WASHINGTON (Reuters) - The United States is leaning toward withholding most military aid to Egypt except to promote counter-terrorism, security in the Sinai Peninsula that borders Israel, and other such priorities, a U.S. official said on Tuesday.
The official said U.S. President Barack Obama had not made a final decision on the issue, which has vexed U.S. officials as they balance a desire to be seen promoting democracy and rights with a desire to keep up some cooperation with Egypt’s military.
The military on July 3 overthrew President Mohamed Mursi, who emerged from the Muslim Brotherhood movement to become Egypt’s first freely elected president last year, following the end of Hosni Mubarak’s 30-year rule in February 2011.
Mursi supporters and security forces have repeatedly clashed since, including on Sunday, one of the bloodiest days since the military took power, with state media reporting 57 people dead.
After Mursi’s ouster, the Obama administration said it would suspend about $585 million in military assistance to Egypt pending a wider policy review.
The U.S. official, who spoke on condition of anonymity, said the Obama administration was now leaning toward continuing to withhold most of that, with the exceptions described above.
The official said the United States was also leaning toward continuing some economic aid to Egypt, but chiefly funds that go to non-governmental groups rather than to the government itself.
A second U.S. official, also speaking on condition of anonymity, said a decision on the aid was likely to be made public by the end of the week, although he noted that an announcement has been repeatedly postponed.
In Cairo, the Foreign Ministry said on Wednesday it had not received any official word from Washington on the issue.
“The relationship between Egypt and the United States is one of partnership, and not one of donor and recipient,” said Foreign Ministry spokesman Badr Abdelatty.
Egypt for decades has been among the largest recipients of U.S. military and economic aid because of its 1979 peace treaty with U.S. ally Israel, which agreed to withdraw from the Sinai Peninsula it seized from Egypt in 1967 as a result of the pact.
The United States has long provided Egypt with about $1.55 billion in annual aid, including $1.3 billion in military assistance.
The removal of Mursi has left Obama with an acute dilemma: whether to get tough with the army for toppling a democratically elected president, albeit an Islamist who had few friends in Washington, or whether to acquiesce in his overthrow.
U.S. officials have said there has been a sharp debate within the administration for months over the issue, with one saying that the Pentagon had argued for continuing military aid, while others urged a significant reduction.
At the U.N. General Assembly on September 24, Obama appeared to split the difference, saying the United States would maintain constructive ties with Egypt’s interim government despite its anti-democratic moves - including an emergency law and restrictions on opposition parties, the media and civil society.
He also suggested that some military aid would depend on the interim government embracing a more inclusive democracy.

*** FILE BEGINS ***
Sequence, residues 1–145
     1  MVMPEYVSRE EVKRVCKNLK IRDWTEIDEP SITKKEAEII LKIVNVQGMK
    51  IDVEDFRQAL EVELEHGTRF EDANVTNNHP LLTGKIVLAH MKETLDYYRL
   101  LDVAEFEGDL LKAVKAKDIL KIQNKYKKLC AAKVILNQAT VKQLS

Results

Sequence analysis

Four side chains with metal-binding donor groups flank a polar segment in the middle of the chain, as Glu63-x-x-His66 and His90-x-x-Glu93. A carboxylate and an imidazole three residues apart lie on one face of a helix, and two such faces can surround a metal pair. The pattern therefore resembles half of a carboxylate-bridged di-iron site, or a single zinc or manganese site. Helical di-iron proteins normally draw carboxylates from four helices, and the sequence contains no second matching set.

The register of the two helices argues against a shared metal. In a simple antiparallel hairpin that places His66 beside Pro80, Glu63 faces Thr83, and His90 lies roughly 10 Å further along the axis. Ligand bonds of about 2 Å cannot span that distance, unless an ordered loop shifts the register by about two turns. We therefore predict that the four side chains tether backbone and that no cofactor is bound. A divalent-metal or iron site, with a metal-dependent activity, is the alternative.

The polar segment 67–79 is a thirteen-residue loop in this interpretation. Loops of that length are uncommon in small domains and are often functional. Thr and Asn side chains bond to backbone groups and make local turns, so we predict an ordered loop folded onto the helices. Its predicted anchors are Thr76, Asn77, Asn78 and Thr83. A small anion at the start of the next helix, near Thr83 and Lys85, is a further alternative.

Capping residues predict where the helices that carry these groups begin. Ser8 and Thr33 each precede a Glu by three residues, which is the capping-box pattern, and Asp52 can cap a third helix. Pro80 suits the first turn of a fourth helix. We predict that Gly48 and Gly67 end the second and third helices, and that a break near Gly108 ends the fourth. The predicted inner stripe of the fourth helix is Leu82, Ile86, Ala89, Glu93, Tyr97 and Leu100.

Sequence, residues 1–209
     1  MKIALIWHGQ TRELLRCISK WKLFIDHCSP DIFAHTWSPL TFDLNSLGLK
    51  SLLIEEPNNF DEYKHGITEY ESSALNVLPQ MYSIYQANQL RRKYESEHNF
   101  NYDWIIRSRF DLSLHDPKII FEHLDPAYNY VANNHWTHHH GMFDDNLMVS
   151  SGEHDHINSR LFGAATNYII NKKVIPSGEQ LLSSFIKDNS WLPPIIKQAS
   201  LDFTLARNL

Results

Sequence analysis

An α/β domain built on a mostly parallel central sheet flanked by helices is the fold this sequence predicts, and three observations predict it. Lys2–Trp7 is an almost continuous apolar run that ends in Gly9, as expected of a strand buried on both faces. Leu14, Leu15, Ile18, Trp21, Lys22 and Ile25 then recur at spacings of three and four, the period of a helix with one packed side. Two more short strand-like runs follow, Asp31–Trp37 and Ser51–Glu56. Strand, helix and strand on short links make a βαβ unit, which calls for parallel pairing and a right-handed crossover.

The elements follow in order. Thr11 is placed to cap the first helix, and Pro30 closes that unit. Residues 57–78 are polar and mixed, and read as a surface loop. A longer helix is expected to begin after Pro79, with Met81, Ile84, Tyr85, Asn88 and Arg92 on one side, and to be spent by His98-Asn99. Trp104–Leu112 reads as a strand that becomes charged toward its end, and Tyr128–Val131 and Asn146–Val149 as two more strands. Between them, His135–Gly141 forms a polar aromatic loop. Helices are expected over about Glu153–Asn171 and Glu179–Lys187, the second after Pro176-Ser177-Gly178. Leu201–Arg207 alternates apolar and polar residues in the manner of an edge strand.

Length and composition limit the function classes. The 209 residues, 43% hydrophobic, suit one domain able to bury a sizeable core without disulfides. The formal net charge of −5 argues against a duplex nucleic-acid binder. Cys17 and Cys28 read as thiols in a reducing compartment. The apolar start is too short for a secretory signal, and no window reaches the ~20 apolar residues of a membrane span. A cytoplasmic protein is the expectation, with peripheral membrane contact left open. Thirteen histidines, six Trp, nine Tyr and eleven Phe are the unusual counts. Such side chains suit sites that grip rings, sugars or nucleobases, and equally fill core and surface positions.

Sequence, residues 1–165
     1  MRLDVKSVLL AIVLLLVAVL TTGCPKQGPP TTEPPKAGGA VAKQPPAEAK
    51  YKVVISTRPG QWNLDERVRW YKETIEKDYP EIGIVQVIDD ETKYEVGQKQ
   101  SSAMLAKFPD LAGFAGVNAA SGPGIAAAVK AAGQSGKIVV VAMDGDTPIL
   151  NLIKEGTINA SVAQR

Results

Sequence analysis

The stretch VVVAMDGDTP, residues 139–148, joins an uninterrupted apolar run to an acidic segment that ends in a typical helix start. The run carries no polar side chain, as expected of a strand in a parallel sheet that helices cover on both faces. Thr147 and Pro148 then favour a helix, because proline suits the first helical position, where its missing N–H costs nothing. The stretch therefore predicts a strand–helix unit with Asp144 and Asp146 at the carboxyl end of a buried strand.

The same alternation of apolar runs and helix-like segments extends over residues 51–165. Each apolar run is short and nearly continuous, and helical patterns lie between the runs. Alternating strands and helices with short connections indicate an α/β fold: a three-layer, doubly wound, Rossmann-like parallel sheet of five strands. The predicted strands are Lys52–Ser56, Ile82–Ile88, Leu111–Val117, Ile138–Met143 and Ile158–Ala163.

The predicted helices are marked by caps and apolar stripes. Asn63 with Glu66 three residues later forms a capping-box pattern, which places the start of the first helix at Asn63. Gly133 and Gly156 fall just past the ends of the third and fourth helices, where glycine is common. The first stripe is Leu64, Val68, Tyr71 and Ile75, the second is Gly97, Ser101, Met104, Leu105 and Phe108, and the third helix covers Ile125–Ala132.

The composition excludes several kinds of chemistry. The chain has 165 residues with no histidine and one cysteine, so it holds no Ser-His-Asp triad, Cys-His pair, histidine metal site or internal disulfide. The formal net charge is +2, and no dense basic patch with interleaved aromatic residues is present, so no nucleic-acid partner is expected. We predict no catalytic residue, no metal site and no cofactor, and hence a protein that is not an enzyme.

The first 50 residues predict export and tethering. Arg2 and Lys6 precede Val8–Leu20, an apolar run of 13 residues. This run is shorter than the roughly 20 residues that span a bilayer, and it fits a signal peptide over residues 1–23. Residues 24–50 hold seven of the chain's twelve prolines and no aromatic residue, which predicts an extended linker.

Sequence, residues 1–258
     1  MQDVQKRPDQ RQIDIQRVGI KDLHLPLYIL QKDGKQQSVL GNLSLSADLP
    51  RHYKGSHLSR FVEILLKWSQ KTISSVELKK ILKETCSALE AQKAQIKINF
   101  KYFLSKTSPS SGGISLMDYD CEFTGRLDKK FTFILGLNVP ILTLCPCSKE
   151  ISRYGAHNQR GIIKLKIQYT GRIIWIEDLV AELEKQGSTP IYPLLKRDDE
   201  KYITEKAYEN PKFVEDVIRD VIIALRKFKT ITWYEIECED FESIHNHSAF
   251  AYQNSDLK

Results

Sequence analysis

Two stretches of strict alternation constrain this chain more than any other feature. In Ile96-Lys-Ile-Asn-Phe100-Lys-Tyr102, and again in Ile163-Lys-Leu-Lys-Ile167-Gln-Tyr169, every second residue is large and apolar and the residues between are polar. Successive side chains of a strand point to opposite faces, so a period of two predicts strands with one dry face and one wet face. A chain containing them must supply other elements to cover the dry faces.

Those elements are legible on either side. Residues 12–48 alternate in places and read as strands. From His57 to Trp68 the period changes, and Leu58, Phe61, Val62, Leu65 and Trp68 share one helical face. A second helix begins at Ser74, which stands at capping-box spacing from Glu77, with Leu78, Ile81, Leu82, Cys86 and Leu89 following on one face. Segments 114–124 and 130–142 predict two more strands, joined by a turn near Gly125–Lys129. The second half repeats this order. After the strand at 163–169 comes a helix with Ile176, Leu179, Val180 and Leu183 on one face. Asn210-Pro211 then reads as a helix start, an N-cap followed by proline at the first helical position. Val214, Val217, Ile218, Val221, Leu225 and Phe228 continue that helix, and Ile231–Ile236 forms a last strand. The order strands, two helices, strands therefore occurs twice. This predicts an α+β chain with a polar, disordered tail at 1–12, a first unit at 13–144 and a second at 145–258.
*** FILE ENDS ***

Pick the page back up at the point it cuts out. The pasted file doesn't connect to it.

“Going forward, the United States will maintain a constructive relationship with the interim government that promotes core interests like the Camp David Accords and counter-terrorism,” he said, referring to the U.S.-brokered agreements that led to the Egyptian-Israeli peace treaty.
“We’ll continue support in areas like education that directly benefit the Egyptian people,” he added. “But we have not proceeded with the delivery of certain military systems, and our support will depend upon Egypt’s progress in pursuing a more democratic path.”
Earlier on Tuesday, CNN had quoted a U.S. official as saying that an “accumulation of events,” including the recent violence, had led to the decision on a “full suspension” of aid, a report the White House denied.
“The reports that we are halting all military assistance to Egypt are false,” Caitlin Hayden, a spokeswoman for the White House National Security Council, said in a statement. “We will announce the future of our assistance relationship with Egypt in the coming days, but as the president made clear at (the U.N. General Assembly), that assistance relationship will continue.”
The Pentagon declined all comment.
Vanessa Murray, a spokeswoman for the U.S. Defense Security Cooperation Agency, which oversees foreign military aid and sales, earlier said there had been no policy change on Egypt.
Officials at General Dynamics Corp, which makes M1A1 tank kits for Egypt, and Boeing Co, which is building Apache helicopters for the Arab country, said late on Tuesday they had not been notified of any decision to halt military aid.
There was no immediate comment from Lockheed Martin Corp, which is building F-16 fighter jets for Egypt. Shipments of four F-16s have already been halted temporarily, and eight more jets were due to be delivered in December.
Two former government officials familiar with foreign military sales have said the Obama administration is likely to curtail certain high-visibility weapons sales, such as the 12 Lockheed Martin Corp F-16s due to be delivered to Egypt this year, to send a message to the military. The planes could be fairly easily adapted for sale to other countries, they said.
Additional reporting by Caren Bohan, Roberta Rampton, Andrea Shalal-Esa and Phil Stewart in Washington and Ayman Samir in Cairo; Writing by Arshad Mohammed; Editing by Peter Cooney and Alistair Lyon